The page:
WADSWORTH — Roy Boyes said he is not a naturally outspoken person, but after years of watching the city use an area of Woodlawn Cemetery to launch its Fourth of July fireworks display, he decided it was time to speak up.
City Council and the Wadsworth Township trustees are scheduled to host a joint meeting at 6:30 p.m. Tuesday at Wadsworth City Hall, 120 Maple St.
Boyes, 62, of Wadsworth, said he plans to attend the meeting, which should determine if the city will be able to continue using the site for its fireworks displays.
“I anguished over this for a long time,” Boyes said Sunday.
City Councilman and Cemetery Board member Tom Stugmyer said the area used to launch the fireworks from is essentially a dump used to collect floral arrangements and other debris from the cemetery.
“It is not a gravesite at all, it couldn’t be used for a gravesite if the cemetery were full,” Stugmyer said Sunday.
Stugmyer said the area is in the south end of the cemetery established in 1817, and has a creek that runs nearby.
Wadsworth relocated its fireworks launch location from Memorial Park in anticipation of its 2014 bicentennial. Cited factors include a tree canopy that had become too large and the new Wadsworth High School football stadium built at the site.
Stugmyer said while the city of Wadsworth owns the cemetery land, the business aspects of the cemetery are jointly overseen by the city and Wadsworth Township.
The three-person Cemetery Board is made up of a City Council member, township trustee and a Wadsworth resident.
Stugmyer said the issue is important enough that it was decided to get more eyes and opinions on the situation, and that is why the special meeting was called.
Boyes said he takes issue with the city using any cemetery land for recreational purposes, and it doesn’t matter that the land in question will never be used for burials.
“The way I was brought up, that was a place you respected, and you didn’t do things like the fireworks at the cemetery,” Boyes said.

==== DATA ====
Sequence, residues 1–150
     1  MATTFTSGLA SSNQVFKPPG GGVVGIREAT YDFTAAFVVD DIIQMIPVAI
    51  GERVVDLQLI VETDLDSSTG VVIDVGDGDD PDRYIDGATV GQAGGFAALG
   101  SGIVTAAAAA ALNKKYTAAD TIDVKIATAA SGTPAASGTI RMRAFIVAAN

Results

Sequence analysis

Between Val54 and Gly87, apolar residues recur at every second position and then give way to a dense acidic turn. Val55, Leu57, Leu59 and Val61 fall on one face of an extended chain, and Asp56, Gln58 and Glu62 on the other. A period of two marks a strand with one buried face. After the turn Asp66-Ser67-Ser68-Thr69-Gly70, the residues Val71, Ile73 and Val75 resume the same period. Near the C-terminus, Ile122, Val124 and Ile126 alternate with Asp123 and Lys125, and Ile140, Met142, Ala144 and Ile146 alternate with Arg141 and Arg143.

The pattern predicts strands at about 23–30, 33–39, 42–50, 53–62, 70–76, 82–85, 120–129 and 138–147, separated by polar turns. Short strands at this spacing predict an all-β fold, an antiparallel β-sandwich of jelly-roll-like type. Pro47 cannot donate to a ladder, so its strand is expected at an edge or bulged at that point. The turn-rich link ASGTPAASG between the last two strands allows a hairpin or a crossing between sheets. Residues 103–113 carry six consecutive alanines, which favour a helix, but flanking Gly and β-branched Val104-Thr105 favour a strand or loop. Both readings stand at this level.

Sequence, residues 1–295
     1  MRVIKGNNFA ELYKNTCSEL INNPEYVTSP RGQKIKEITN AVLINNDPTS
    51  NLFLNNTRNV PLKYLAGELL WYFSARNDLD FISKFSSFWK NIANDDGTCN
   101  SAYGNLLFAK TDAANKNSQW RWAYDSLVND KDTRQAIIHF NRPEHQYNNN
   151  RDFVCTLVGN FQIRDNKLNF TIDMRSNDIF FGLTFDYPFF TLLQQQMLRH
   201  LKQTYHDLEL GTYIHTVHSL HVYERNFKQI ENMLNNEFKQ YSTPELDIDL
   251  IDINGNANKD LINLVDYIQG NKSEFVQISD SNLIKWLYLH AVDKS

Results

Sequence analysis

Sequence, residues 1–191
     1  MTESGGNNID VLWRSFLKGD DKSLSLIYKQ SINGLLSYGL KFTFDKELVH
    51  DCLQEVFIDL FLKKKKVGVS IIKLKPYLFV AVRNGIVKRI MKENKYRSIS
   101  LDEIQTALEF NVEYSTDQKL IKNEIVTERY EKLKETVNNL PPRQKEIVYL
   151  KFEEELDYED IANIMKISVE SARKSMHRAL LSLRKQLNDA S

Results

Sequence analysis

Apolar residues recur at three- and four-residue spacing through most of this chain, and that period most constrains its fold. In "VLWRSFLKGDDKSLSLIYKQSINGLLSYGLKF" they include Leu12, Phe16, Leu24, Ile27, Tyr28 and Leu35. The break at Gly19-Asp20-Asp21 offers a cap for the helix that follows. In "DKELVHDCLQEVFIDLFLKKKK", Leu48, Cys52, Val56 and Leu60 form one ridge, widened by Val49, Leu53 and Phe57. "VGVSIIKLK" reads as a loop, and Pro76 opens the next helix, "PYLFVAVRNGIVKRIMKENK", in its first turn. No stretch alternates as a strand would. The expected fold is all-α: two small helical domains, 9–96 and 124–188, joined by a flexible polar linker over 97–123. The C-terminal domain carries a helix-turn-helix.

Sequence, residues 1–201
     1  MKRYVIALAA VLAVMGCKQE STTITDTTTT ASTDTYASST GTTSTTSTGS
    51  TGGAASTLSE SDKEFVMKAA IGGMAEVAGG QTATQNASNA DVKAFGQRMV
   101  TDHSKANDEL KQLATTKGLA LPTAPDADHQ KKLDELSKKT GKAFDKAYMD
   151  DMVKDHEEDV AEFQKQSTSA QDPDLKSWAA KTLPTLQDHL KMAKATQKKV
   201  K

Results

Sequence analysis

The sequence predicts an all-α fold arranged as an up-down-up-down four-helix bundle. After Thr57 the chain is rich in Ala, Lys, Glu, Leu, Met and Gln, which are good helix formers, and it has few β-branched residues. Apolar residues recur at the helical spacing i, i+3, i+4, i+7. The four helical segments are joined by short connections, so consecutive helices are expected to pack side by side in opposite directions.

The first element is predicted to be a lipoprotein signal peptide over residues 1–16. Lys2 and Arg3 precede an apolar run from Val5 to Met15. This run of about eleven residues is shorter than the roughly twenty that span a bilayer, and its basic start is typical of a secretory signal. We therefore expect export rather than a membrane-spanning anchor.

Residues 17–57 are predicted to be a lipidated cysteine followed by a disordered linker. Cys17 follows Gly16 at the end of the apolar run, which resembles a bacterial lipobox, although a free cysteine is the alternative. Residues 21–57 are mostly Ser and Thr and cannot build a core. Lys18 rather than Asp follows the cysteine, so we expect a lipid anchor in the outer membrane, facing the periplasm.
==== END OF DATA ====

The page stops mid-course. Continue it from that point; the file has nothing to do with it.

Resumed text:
Boyes said that in addition to his parents and other family members, many people buried in the cemetery served the city of Wadsworth in some capacity, and they deserve better.
“Our biggest kick isn’t with the site that they shoot them off, it doesn’t matter if you shoot them off in an unused portion of the cemetery that will never be used; it is consecrated ground, sacred ground throughout the cemetery,” he said. “The whole cemetery.”
Stugmyer said that when the city decided to move the fireworks display to the cemetery grounds, it reached out to area churches and veterans organizations to ensure that they were OK to proceed. The city got the go-ahead from those organizations, he said.
The city has looked into other locations to launch the fireworks, but there is no other practical site that would allow the fireworks to be seen from downtown unless they are scaled down, Stugmyer said.
Boyes said he has collected about 258 signatures of Wadsworth residents who are opposed to using any cemetery land for fireworks displays.
“I think we proved our point that it is not just a one-sided issue, there are a lot of people in Wadsworth that agree with us,” Boyes said.
Stugmyer said there also is a petition signed by more than 330 Wadsworth residents in favor of keeping the fireworks where they are.
“They are from a good broad range of the community,” Stugmyer said.
Boyes and Stugmyer said they have not seen the physical petitions collected by the other party.
According to the city website, Woodlawn Cemetery, 200 College St., was originally established on one acre of land owned by Owen Brown, the father of abolitionist John Brown.
There are more than 13,000 individuals buried there.
Wadsworth Township Trustee and Cemetery Board member Kevin Keiper could not be reached for comment Sunday.